The Minister of Budget and National Planning, Sen. Udoma Udo Udoma on Thursday said that Nigerians might have to wait for another two years before seeing the impact of foreign investments in the country.
The minister made this statement in Bali, Indonesia at the launch of the Sub Sahara Africa Regional Economic Outlook.
Udoma said that it would take at least two years for the full manifestation of the investment potentials of the Economic Recovery and Growth Plan (EPRG) of the Federal Government.
“I think it will take one or two years before they actually come to fruition.
“However, government has set up a crack team of four experts who were recruited to work with stakeholders in the private sector on ways to actually have the expected investors come in under the economic plan.
“The Nigerian government expects to attract private sector investments worth 22 billion dollars through the ERGP’s ‘Focused Laboratories’ within this period also,” he said.
The minister also said that the government, through the ERGP, hoped to create about 15 million jobs by 2020.
“We intend to achieve this principally through stimulating the private sector.
“Our aim is to make Nigeria a more investment-friendly place, a more attractive place for people to do business.
“We have conducted sector specific labs, which we referred to as the ERGP Focus Labs, to bring potential investors and government officials together to seek to remove the bottlenecks and impediments impeding investment projects.
“We identified over 22 billion dollars of potential investments which could be unlocked, if we can remove some of these impediments,” he said.
Udoma said that in Nigeria, the government was forced to cut down its growth projections for 2018 from three per cent to 2.1 per cent due to oil production challenges in the second quarter of 2018.
He said also that the flooding in some states affected the agriculture sector as did the herdsmen clashes in certain areas.
With regard to foreign investmens, Udoma agreed with the policy advice of the IMF that Nigeria needed to put in place sound macroeconomic policy management to mitigate risks associated with volatile capital flows.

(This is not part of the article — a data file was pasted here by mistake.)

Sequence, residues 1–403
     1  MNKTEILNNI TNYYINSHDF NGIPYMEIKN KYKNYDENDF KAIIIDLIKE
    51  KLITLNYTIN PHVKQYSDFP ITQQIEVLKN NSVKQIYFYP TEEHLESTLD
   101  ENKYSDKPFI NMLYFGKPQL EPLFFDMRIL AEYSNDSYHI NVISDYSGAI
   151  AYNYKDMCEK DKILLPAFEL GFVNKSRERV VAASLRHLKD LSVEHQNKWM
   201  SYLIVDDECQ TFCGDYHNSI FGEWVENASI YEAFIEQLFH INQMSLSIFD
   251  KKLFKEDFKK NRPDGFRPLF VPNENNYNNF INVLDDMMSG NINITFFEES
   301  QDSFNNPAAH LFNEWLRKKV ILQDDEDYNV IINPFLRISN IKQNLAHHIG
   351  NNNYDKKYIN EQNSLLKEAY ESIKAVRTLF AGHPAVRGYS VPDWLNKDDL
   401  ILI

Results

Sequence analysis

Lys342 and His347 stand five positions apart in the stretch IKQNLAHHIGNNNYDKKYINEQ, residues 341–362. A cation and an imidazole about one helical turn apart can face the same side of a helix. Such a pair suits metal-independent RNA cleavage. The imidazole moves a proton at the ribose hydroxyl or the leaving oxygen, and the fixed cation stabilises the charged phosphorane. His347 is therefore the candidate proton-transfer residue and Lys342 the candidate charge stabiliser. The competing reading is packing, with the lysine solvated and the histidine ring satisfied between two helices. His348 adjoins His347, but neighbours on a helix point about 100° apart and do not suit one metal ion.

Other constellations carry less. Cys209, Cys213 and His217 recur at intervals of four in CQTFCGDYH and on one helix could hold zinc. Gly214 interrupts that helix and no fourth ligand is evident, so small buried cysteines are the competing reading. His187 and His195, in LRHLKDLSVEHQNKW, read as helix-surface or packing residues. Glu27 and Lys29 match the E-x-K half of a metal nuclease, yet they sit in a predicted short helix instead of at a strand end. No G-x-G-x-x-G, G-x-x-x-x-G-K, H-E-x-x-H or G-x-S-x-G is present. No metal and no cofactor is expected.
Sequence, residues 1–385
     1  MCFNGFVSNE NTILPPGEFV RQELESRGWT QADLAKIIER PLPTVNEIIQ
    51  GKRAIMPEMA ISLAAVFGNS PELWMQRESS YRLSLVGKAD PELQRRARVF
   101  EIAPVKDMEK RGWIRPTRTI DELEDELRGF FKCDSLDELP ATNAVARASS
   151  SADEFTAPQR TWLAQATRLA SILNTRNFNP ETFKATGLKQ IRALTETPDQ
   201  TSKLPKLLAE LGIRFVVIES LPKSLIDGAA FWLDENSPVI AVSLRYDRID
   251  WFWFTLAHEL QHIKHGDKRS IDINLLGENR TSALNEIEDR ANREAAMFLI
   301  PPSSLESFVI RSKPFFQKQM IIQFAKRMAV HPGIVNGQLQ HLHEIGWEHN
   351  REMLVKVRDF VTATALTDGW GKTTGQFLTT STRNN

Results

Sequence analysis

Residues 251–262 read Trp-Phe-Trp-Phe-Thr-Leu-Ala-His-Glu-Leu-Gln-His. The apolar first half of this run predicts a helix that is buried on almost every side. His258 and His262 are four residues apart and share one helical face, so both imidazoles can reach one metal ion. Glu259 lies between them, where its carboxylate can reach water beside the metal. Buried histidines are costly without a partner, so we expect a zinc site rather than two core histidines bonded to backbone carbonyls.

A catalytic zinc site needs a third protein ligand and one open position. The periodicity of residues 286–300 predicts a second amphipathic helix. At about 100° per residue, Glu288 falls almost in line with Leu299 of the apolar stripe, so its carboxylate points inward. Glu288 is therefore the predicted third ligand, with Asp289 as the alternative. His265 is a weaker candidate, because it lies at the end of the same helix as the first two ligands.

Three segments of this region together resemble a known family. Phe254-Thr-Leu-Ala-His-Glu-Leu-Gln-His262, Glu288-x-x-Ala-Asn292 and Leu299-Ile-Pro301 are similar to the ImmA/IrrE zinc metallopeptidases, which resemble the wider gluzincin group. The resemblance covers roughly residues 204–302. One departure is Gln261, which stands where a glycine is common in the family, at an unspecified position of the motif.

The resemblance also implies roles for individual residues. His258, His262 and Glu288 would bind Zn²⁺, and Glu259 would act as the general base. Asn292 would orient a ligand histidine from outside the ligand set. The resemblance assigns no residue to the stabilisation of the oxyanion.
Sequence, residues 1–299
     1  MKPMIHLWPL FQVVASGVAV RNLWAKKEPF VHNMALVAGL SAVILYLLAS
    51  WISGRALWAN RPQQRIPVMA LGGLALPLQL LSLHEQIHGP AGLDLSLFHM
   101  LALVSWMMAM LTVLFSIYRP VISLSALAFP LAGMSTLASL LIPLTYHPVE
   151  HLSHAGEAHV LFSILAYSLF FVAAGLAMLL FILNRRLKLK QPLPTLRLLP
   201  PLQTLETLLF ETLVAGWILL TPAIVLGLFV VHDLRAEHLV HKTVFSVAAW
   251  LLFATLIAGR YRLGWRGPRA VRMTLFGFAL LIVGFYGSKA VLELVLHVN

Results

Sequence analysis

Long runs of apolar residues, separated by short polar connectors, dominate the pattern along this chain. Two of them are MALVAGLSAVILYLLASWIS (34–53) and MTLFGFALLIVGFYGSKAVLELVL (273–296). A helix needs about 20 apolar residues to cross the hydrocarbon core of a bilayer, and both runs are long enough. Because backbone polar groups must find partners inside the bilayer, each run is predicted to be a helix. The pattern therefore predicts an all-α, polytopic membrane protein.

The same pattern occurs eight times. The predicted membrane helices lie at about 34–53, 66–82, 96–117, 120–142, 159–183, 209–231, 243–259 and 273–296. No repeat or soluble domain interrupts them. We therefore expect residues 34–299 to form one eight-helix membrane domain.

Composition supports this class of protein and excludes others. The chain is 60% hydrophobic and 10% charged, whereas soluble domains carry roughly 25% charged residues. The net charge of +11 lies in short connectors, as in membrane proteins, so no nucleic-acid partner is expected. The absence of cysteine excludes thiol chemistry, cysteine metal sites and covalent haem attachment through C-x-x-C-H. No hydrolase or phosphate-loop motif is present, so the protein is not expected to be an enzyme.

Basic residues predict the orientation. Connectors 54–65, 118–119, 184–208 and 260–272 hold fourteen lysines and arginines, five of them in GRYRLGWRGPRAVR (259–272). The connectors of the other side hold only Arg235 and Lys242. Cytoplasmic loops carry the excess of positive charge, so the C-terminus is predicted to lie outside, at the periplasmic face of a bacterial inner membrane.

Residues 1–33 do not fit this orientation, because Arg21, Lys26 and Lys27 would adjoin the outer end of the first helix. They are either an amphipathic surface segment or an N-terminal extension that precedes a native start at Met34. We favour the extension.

Also, Mr Abebe Selassie, Director of the IMF’s African Department, while presenting the regional outlook, said Sub-Saharan Africa’s economic recovery was expected to continue growing.
He said that growth was projected to increase from 2.7 per cent in 2017 to 3.1 per cent in 2018 and 3.8 percent in 2019.
“Growth is set to improve most notably for oil exporters, while non-resource intensive countries continue to grow strongly, with quite a few growing at six per cent or more.”
“While there has been progress in narrowing fiscal deficits, more focus is needed to raise revenues to support continued development spending and to service debt,” he said.
According to the 2018 Sub-Sahara Africa Regional Economic Outlook, to grow, the region must create at least 20 million jobs per year to absorb new entrants into the labor market.
The IMF in the report advised the region to take policy actions to encourage deepening of trade and financial integration, in the context of the African Continental Free Trade.
It also advised the region to remove market distortions, improve the efficiency of public spending, promoting digital connectivity and a flexible education system and fostering an environment that is conducive to private investment and risk taking.